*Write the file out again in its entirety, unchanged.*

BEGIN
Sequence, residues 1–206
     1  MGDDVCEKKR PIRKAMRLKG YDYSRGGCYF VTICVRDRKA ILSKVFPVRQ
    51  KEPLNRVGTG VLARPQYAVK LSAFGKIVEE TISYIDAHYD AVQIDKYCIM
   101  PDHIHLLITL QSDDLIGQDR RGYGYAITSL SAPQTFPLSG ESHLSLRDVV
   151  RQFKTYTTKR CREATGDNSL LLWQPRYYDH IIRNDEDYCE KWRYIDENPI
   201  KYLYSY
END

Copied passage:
Sequence, residues 1–206
     1  MGDDVCEKKR PIRKAMRLKG YDYSRGGCYF VTICVRDRKA ILSKVFPVRQ
    51  KEPLNRVGTG VLARPQYAVK LSAFGKIVEE TISYIDAHYD AVQIDKYCIM
   101  PDHIHLLITL QSDDLIGQDR RGYGYAITSL SAPQTFPLSG ESHLSLRDVV
   151  RQFKTYTTKR CREATGDNSL LLWQPRYYDH IIRNDEDYCE KWRYIDENPI
   201  KYLYSY